Sepia Saturday – Puzzling Penmanship

Sepia Saturday provides bloggers with an opportunity to share their history through the medium of photographs.

Today’s prompt suggests men and youths, sports, hats, men in shorts and socks or men in suits, and politics. The photo is of Irish Revolutionary Leader, Michael Collins, at the Senior Hurling Championship match against Dublin on September 12, 1921. He’s talking to the Kilkenny hurlers at Croke Park in Dublin.

I have selected a photograph with a man in a hat, youths, and a building in the background.

Thomas F. and Sarah Hoskins Home

The building is the home of the Thomas Franklin Hoskins family. The perspective makes the people seem small and what was surely a small house seem large. That’s Tom (in the hat) with three of his children. My grandfather, Thomas Hoskins, is on the right. On the far left is Ethel and the girl in the middle is Edna. They lived in Mystic, Iowa.

Sarah Stokes

You may remember Sarah Stokes from my post last week. That 11th child she gave birth to (Sarah Elizabeth Bryan), grew up and married Thomas Franklin Hoskins. Pictured here are three of Sarah Stokes’ grandchildren and son-in-law. 

Too bad the two Sarahs aren’t in the picture!

 

But it is the undecipherable handwriting on the side of the prompt picture that led me to choose my photograph today. This is what’s on the back of my photograph:

Believe me when I say it took me a while to decipher this. Here is my solution to this puzzle:

April 2 1913

Well I got hear all to Ottumwa I sayed with Rance last night I found him lots
better he looks bad the Ottumwa doctor said he had got passaned some how he give him medicine that helped him write away well i got home to day the rest of the folks wa all write with love sis Hoskins

Then the postcard was turned upside down and reads:
This is our house an tom an tommy an Edna an Ethel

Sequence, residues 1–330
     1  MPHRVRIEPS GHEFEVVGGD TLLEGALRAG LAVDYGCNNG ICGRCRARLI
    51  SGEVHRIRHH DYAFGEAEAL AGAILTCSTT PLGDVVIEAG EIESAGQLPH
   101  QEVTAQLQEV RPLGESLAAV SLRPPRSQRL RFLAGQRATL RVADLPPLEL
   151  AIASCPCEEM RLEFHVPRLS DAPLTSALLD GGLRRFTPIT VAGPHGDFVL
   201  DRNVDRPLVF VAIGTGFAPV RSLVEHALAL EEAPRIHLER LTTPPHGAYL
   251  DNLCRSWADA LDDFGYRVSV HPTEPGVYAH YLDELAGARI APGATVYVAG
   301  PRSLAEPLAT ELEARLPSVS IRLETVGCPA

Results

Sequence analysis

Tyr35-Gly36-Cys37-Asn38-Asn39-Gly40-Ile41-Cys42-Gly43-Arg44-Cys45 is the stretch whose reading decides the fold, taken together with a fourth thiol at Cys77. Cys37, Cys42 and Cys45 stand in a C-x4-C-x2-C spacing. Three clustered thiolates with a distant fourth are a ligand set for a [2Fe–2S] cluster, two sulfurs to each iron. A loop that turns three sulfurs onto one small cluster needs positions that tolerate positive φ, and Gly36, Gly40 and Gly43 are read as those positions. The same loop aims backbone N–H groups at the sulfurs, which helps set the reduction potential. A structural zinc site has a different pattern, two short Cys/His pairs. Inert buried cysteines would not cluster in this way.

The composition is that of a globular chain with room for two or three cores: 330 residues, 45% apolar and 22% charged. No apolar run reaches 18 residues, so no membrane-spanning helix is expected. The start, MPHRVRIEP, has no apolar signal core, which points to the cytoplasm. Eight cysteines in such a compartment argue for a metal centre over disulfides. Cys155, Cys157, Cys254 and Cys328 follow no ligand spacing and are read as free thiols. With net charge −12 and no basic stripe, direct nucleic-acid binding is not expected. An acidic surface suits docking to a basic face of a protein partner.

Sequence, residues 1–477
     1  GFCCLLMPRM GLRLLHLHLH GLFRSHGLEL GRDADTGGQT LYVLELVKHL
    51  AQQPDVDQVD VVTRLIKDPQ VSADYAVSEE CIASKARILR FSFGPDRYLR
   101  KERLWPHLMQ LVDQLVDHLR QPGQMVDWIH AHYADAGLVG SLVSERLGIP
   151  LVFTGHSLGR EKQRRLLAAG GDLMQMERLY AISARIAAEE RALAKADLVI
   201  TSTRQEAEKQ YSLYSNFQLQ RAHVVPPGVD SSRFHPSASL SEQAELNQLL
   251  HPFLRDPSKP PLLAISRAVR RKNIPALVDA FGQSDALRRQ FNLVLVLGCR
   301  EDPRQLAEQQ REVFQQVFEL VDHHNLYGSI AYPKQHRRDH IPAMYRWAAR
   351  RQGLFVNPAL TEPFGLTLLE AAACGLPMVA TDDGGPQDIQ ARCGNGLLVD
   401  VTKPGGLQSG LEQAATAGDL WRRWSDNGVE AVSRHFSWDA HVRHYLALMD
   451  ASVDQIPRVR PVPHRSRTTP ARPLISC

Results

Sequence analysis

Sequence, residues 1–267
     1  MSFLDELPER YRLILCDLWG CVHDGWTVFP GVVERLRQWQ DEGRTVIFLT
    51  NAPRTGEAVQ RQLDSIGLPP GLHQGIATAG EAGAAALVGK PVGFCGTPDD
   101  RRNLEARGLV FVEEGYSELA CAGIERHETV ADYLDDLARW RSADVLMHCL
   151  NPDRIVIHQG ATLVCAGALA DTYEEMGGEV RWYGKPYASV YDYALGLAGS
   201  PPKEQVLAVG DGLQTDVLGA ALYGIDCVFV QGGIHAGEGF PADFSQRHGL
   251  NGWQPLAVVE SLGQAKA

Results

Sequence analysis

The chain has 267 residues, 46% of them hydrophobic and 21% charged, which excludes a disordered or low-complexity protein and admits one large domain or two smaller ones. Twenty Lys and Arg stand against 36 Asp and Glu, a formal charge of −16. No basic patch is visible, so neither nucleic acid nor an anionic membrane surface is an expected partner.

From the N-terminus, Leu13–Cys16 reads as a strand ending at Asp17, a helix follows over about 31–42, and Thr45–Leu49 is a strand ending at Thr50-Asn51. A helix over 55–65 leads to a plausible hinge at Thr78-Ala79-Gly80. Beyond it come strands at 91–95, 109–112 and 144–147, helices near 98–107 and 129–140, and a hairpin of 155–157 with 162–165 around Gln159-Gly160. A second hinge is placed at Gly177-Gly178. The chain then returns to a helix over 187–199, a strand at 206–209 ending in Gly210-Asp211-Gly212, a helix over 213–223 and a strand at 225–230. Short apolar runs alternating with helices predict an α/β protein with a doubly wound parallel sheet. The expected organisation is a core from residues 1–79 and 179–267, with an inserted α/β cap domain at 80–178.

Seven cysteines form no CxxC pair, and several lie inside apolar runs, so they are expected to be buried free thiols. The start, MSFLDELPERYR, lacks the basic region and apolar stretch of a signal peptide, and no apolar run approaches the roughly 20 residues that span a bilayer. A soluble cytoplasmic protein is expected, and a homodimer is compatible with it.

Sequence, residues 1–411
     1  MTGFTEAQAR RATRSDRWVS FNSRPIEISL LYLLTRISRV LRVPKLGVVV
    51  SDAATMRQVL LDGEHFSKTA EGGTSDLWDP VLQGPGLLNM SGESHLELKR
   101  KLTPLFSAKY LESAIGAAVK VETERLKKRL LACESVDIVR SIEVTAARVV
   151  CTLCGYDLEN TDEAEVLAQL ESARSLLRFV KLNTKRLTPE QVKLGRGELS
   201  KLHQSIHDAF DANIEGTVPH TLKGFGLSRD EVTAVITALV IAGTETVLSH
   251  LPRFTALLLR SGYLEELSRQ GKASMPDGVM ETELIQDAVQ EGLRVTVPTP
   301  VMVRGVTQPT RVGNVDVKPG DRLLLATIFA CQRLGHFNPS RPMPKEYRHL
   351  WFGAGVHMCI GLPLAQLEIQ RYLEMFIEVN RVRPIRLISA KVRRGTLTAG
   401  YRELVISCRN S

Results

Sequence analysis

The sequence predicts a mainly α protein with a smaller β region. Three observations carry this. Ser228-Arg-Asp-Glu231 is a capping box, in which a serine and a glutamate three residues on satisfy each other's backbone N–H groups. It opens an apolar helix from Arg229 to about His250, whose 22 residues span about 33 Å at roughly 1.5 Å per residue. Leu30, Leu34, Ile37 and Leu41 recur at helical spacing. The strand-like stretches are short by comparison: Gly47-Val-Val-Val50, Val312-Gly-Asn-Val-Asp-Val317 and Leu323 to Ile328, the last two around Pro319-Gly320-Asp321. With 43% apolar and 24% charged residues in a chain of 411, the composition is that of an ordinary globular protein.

The postcard is addressed to
Frank Storms
Montose
IO  (Iowa)
route 3 

Thank goodness for the legible printing along the side to identify the people in the photograph!

Frank Storms was the nephew of Sarah E. and Thomas F. Hoskins. Frank’s mother, Joanna (Ann) Hoskins Storms, was living with him in Montrose. Lewis Storms, Ann’s husband, was deceased at the time. Although Sarah didn’t sign her name, she is the obvious author.

It seems that Sarah and Tom’s older son, Rance, had been sick and Sarah had gone to Ottumwa (Iowa) to stay with him. The doctor thought Rance had been poisoned. (Food poisoning?)  Although Rance did not look well, the medicine worked and Rance was feeling better.

Google maps estimates the trip from Mystic to Ottumwa takes an hour by car today. I don’t know Sarah’s mode of transportation or how long it took her to get to her destination. I wonder if she took a train?

Here’s a portion of Galbraith’s railway mail service map of Iowa from 1897 so that we can imagine Sarah’s route from Mystic, in Appanoose County, northeast to Ottumwa, in Wapello County.

I love this map! The illustrator had quite a sense of humor. For the full version, look here.

“One of eight large-scale pictorial maps of midwestern states showing routes and post offices of the Railway Mail Service. Designed by Chicago railway mail clerk Frank H. Galbraith to help employees of the Railway Mail Service quickly locate counties and post offices. The maps were rented for practicing or prospective workers who numbered over 6,000 and traveled over a million miles a year on the rails sorting mail. A printed title cartouche accompanied by a list of counties for each of the states by McEwen Map Company of Chicago is pasted on the maps.”

Library of Congress, Geography and Map Division; Reference: LC Railroad maps, 220

Now hurl yourself on over to the Sepia Saturday blog and see what others have puzzled together this week.

 

Sepia Saturday – Mystery Couple on a Bike

Sepia Saturday provides an opportunity for genealogy bloggers to share their family history through photographs.